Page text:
Thus began the fight for my life.

Waiting for Shoes to Drop

Since that time, each visit for testing and evaluation, each time they look under the hood to ascertain the need for maintenance or overhaul, is like waiting for the other shoe to drop. (Folks lived in apartments where you could hear the upstairs folks taking off their shoes. One hit the floor and they awaited the inevitable drop of the other shoe.) Well, leukemia removed my first shoe in 2010. The second has not fallen yet, and I pray it never will.


Monday, January 4, 2016

Mick McKellar Update — Day +1778

I like to sleep in a cool room, and cuddle down under good, warm blankets. However, recently I allowed my room to warm to the level of the other bedrooms on the second floor of our home. There is no insulation between rooms upstairs, and my refrigerated room adjoins my daughter's room. It was sucking heat from her space. Consequently, I adjusted to only one blanket.

Last night, probably while doing my usual somnambulist Olympic gymnastics, I managed to kick my blanket off my bed and slept for hours under only a sheet. Because of medications I take at bedtime, I slept very soundly, and did not wake for a full eight hours. As I swam upwards toward consciousness, I realized something was wrong. My heart rate was slower than normal for waking, and I found it difficult to move. Confused, I struggled to sit up and noticed for the first time that I had no blanket. My first thought was, "Why am I not shivering?" Our house is old and cold in the winter, despite the best efforts of a new high-efficiency furnace, and I spend a lot of time shivering. I should have been shivering.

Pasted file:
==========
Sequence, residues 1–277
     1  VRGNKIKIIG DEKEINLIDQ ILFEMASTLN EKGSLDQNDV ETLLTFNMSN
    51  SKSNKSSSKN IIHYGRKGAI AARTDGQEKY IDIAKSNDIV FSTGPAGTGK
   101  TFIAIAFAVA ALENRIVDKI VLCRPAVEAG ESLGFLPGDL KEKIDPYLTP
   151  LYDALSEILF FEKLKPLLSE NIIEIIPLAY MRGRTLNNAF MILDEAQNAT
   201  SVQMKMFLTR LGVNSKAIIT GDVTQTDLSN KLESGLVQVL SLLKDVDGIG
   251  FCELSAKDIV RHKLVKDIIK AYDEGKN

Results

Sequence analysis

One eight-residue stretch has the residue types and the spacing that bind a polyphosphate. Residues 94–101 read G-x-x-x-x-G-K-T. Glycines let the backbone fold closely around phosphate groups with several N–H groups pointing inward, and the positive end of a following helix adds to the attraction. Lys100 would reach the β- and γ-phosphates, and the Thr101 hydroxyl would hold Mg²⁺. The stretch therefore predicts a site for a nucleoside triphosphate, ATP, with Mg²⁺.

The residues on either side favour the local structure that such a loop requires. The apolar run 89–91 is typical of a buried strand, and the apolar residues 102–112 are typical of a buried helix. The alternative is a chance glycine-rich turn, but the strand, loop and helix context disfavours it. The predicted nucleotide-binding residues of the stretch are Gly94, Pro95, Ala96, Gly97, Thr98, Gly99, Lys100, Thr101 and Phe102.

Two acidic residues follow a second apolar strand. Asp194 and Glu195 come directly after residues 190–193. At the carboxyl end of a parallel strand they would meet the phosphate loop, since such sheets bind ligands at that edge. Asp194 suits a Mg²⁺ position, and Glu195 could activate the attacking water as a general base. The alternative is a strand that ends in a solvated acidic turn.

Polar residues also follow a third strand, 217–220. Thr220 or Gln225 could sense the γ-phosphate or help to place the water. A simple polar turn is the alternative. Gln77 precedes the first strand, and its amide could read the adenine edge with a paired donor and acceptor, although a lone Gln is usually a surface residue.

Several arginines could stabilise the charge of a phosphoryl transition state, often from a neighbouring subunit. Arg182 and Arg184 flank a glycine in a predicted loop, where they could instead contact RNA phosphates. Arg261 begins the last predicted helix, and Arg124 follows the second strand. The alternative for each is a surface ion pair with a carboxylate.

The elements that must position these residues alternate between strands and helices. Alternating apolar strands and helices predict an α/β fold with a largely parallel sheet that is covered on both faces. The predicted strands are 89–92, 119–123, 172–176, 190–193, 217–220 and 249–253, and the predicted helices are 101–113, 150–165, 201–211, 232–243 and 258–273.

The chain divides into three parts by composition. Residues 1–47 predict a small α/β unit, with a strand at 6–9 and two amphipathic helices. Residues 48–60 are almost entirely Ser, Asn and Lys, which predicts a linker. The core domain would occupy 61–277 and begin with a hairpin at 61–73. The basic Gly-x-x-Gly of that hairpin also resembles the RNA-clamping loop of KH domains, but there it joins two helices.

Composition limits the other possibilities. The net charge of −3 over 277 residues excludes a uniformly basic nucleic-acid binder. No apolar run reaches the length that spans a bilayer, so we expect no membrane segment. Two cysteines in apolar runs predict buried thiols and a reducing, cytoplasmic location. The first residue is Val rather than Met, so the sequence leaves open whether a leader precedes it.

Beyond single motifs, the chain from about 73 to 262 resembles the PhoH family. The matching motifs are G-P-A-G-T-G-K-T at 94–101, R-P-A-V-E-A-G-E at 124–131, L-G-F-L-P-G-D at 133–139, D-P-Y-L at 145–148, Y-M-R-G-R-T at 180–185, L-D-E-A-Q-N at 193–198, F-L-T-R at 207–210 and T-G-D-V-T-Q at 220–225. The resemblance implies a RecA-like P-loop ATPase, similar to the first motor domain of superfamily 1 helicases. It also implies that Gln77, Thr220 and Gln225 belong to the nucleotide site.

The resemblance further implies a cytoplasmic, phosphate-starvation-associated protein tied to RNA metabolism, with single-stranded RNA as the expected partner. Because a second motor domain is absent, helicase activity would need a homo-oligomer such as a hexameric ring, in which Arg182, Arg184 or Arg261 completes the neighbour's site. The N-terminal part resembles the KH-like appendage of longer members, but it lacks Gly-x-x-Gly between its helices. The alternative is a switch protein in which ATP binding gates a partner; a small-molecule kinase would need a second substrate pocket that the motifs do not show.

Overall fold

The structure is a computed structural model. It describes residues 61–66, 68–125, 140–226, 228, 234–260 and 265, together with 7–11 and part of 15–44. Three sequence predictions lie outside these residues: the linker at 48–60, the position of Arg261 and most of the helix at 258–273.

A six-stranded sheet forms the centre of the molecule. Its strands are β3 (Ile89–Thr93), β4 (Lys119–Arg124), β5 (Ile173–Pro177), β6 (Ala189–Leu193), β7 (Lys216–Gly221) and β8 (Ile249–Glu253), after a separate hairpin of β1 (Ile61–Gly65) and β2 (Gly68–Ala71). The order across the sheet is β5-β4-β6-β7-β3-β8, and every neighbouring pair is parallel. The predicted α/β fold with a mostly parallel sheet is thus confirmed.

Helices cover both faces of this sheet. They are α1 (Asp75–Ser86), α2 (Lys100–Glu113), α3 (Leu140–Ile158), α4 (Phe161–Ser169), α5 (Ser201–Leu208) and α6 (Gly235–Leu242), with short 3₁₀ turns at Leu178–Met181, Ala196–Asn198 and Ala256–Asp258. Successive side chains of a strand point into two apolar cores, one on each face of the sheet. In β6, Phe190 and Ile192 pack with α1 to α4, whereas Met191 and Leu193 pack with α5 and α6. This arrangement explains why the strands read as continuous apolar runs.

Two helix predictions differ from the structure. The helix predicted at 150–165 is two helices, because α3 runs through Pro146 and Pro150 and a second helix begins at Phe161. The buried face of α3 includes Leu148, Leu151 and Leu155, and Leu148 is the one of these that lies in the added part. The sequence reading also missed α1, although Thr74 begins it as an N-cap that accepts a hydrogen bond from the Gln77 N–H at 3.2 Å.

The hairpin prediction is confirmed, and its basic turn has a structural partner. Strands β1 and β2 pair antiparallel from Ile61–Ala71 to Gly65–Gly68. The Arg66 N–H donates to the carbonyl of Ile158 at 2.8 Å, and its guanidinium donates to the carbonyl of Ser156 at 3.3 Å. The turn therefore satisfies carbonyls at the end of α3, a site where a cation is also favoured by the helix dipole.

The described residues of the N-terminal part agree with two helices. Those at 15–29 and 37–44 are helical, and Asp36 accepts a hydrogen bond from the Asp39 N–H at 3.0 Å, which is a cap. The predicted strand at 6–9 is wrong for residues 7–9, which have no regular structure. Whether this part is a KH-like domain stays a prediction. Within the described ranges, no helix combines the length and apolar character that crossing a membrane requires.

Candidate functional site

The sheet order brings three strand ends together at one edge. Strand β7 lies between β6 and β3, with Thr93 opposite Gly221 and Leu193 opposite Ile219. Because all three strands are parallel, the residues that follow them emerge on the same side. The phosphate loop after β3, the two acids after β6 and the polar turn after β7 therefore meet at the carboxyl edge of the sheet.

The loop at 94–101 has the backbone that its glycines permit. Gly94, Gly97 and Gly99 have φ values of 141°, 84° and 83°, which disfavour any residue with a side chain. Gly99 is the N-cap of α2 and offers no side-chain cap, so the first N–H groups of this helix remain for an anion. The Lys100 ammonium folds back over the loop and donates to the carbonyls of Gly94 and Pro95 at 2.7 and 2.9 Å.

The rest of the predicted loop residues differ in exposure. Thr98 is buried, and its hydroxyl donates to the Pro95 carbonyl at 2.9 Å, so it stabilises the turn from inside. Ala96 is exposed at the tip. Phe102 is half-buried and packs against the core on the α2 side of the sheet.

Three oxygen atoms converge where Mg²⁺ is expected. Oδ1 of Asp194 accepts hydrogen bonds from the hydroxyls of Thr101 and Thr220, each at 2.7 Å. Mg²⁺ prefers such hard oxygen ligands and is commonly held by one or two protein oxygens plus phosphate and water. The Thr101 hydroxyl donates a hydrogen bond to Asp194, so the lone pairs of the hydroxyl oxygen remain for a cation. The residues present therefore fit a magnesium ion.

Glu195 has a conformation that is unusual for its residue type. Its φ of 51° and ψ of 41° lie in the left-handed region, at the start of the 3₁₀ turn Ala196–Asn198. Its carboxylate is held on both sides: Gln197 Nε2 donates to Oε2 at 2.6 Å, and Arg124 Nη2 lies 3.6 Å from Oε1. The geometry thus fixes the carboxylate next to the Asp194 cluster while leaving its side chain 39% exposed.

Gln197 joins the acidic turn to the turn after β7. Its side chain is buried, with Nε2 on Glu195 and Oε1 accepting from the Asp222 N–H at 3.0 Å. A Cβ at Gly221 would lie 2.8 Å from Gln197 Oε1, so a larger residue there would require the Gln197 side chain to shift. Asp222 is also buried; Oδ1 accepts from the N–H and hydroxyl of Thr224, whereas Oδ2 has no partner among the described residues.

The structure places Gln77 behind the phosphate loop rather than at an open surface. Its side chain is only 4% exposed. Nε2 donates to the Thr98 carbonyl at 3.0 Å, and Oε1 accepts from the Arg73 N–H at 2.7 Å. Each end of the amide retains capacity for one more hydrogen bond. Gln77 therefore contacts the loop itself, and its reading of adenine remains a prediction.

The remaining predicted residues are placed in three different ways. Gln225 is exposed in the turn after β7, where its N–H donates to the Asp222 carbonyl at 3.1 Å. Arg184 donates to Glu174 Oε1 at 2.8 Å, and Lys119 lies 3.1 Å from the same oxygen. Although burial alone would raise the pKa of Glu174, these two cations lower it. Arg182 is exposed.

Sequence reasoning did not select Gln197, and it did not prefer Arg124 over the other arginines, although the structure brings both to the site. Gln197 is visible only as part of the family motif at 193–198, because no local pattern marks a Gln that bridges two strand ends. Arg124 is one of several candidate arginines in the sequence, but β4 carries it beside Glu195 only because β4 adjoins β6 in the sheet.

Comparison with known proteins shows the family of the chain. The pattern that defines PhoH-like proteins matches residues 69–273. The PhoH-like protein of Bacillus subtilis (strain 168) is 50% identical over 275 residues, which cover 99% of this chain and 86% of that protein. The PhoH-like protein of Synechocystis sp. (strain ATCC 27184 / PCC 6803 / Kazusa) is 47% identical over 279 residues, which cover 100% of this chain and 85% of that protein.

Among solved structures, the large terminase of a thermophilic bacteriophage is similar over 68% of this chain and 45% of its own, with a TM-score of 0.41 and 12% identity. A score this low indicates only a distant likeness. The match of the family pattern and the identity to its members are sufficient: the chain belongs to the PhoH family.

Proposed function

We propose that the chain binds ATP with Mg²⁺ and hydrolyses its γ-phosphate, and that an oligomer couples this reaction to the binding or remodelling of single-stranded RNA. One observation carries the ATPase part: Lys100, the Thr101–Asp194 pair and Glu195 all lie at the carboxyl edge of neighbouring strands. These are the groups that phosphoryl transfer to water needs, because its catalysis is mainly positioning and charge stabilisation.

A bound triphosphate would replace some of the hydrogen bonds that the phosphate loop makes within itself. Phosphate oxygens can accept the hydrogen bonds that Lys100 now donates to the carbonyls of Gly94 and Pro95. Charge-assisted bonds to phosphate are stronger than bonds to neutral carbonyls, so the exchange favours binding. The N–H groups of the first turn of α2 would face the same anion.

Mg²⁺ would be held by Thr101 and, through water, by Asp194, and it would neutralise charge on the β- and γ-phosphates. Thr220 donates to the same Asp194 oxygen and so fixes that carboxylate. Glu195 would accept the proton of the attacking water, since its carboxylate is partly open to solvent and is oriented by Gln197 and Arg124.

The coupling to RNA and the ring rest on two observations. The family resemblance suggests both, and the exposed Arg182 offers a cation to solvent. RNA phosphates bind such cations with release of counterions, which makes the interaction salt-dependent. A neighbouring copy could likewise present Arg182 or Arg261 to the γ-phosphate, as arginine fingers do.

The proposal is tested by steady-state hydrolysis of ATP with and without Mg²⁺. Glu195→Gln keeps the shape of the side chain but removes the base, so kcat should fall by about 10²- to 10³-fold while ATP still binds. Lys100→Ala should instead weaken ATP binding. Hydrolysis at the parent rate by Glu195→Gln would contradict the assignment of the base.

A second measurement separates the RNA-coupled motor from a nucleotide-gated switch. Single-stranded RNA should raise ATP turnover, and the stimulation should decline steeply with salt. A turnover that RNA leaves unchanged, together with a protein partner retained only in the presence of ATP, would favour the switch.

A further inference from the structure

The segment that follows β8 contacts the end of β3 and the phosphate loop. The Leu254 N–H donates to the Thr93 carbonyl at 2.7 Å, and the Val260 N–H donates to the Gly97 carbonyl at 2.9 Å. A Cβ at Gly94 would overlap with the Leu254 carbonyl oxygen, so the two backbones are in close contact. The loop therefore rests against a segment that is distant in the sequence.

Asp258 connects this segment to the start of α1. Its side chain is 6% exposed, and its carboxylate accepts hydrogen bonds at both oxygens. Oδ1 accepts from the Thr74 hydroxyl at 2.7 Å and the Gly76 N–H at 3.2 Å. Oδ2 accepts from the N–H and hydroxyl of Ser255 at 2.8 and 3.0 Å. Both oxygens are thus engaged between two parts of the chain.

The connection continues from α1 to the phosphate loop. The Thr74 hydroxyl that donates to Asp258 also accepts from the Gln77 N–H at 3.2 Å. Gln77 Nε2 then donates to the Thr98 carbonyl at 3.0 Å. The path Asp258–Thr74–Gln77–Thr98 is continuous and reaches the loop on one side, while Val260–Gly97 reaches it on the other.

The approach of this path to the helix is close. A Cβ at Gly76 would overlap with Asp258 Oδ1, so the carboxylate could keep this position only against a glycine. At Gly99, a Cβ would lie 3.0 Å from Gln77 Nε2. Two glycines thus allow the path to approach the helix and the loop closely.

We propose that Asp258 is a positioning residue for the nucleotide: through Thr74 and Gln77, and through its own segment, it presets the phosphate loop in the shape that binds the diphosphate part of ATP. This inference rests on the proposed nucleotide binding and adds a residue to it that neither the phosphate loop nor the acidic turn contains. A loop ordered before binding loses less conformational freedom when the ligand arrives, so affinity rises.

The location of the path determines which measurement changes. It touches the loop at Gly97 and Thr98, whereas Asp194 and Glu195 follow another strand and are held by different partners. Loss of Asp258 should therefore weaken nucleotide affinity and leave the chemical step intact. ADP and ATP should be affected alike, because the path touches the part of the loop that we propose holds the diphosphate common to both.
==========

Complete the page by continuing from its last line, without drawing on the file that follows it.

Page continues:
I pulled back my sheet.

My feet were bright red and my fingers were numb. I knew that meant something, but my brain refused to get into gear and start grinding facts. Although I'm certain it was less than a minute, it seemed hours before my mind's alarms went off—I was in the secondary stages of hypothermia!

It must have been a ridiculous sight, like a mannequin dressing himself, but I finally dressed. I included my largest and heaviest old, fat sweater (from my over 300 lb days), and rumbled down the stairs. I stumbled into the living room, scaring Marian half to death, looking all pale and moaning like a walking toothache. I slumped into my rocker and pulled a heavy, warm throw up to my chin. Marian cranked the heat up to 74°F (wasteful, wasteful) and we waited for the shivering to start.

First came a massive wave of pins and needles in hands, feet, legs, and arms. Then slowly I began to shake and quake enough to frighten Dante. Marian called him up into my lap, but the shaking frightened him off immediately. It took the better part of an hour for my core temperature to recover enough to allow me to make some Earl Grey and take my first wave of medications.

As I write this, my hands still ache and shake, but hot tea and a bowl of Malt-O-Meal have worked their magic. I still shiver, off and on, and the normal level of pins and needles in my feet and hands has resumed. I also realize how close I came to a real emergency. Staying indoors during the winter is about my body's inability to generate enough heat to counter the cold air in my lungs, and to conquer the heat loss in my extremities—as much or more than it is to evade contact with pathogens I cannot resist.

I have become fragile—a being brittle and breakable, in an environment hostile to my health. I am well. I am alive. Just don't bump me from the shelf, for I may shatter on the carpet.